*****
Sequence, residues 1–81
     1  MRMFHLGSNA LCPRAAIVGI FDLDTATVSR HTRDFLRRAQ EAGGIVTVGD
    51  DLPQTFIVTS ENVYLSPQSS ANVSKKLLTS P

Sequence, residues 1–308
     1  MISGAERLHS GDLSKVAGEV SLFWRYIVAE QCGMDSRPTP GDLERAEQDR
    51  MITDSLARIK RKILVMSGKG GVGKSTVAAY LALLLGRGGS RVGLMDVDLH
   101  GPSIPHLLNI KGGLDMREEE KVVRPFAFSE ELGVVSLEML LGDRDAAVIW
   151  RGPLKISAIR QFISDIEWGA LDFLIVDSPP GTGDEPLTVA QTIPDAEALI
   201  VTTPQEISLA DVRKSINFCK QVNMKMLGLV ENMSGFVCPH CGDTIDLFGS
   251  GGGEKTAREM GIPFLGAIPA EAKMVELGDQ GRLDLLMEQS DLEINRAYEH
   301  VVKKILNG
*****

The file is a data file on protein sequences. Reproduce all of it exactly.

Sequence, residues 1–81
     1  MRMFHLGSNA LCPRAAIVGI FDLDTATVSR HTRDFLRRAQ EAGGIVTVGD
    51  DLPQTFIVTS ENVYLSPQSS ANVSKKLLTS P

Sequence, residues 1–308
     1  MISGAERLHS GDLSKVAGEV SLFWRYIVAE QCGMDSRPTP GDLERAEQDR
    51  MITDSLARIK RKILVMSGKG GVGKSTVAAY LALLLGRGGS RVGLMDVDLH
   101  GPSIPHLLNI KGGLDMREEE KVVRPFAFSE ELGVVSLEML LGDRDAAVIW
   151  RGPLKISAIR QFISDIEWGA LDFLIVDSPP GTGDEPLTVA QTIPDAEALI
   201  VTTPQEISLA DVRKSINFCK QVNMKMLGLV ENMSGFVCPH CGDTIDLFGS
   251  GGGEKTAREM GIPFLGAIPA EAKMVELGDQ GRLDLLMEQS DLEINRAYEH
   301  VVKKILNG